In the book Catching Fire: How Cooking Made Us Human, Richard Wrangham puts forth the idea that cooking played a major part in the evolution into humans, an idea that I wholeheartedly support, if with skepticism. Yes, I understand what I just said. I feel that the idea is entirely plausible, but I also feel that Wrangham could have presented his evidence in a more efficient manner.While reading through Catching Fire, I feel like I am reading a collection of essays, all related to one another, but in the incorrect order. The chapters seem to have been written all at different times, and thrown together haphazardly. I feel this takes only a slight amount off of his argument. How can one form an argument about the evolutionary impact of cooking if they cannot properly place their arguments?
Still, I feel his argument is valid, and the amount of evidence he gives, while it is a whole lot of speculation, is worthy of much consideration. The human jawbone is small and weak in comparison to modern great apes. As are our teeth. We are just so physically different than modern great apes, and yet extremely similar. Our bodies are created to live on the ground, with a light ability to climb, and a great ability to run. Why? Cooking.
I was constantly engrossed by the examples given of humanity’s reliance on cooking. I was also engrossed by the ridiculousness of some of the examples of raw food diets. The reading, for me, was quite enjoyable. Reading about people that eat only raw foods or only foods that would have fallen from the tree naturally. I can hardly fathom living off of sprouted roots and fresh greens, and that is it.
Now I can even refute some people that try to say that many hunter gatherer societies live off of raw food diets. They do not. Hunter gatherer societies such as the Inuit, and tribes in Africa, which seem to be the major arguments for raw foodists. In all actuality, the Inuit make a very large deal about cooking food, quite reasonably. If a hunter comes home and does not eat dinner one night, he might not have enough energy to go out and hunt the next day. Cooking is a major part of the society. It is a major part in our society, too. It is integral to nearly everything we do.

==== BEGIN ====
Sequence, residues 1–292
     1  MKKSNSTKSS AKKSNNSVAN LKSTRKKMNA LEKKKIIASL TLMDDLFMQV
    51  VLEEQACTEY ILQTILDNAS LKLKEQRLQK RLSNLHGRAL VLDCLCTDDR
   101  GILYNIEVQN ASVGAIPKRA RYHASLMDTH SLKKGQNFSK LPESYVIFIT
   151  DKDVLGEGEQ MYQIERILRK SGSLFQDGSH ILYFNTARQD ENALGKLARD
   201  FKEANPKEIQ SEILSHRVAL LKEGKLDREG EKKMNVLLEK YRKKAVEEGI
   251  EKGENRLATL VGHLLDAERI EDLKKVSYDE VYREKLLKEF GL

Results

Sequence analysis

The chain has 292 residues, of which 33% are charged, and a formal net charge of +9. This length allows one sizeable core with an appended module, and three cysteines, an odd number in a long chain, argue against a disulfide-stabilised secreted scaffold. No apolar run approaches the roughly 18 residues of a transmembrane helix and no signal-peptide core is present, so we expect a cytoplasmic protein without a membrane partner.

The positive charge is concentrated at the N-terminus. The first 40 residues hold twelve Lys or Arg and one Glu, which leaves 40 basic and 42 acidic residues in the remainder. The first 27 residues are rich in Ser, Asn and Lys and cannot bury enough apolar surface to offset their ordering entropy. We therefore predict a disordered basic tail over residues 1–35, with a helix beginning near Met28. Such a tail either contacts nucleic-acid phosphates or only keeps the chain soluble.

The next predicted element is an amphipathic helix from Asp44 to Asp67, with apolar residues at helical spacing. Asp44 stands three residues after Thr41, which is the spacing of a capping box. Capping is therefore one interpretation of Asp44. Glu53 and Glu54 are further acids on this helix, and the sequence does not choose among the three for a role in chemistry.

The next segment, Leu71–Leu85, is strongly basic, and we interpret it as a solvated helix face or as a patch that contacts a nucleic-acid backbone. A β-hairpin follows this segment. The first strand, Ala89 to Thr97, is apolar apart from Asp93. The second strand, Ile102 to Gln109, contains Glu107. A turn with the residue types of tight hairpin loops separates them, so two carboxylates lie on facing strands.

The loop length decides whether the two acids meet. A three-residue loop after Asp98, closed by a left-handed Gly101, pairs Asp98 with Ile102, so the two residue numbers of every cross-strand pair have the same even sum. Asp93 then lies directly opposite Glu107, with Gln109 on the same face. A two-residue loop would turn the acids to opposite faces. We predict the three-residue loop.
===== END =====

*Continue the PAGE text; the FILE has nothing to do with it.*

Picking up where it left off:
This fits in with Wranghams hypothesis and arguments. Cooking has become so natural, from years and years of using fire to break down proteins in meats, and split up complex carbohydrates into simple carbohydrates, that it just is. I had not thought of cooking as being an idea that could be removed from life until this class and this book. It has always been just natural to me.
That is why cooking is amazing, and influential. Without cooking, we would not have out smaller guts, and our larger brains. Without the control of fire, we would not be able to live on the ground without having to worry about predators. It is quite amazing, no?
I’ll never be you,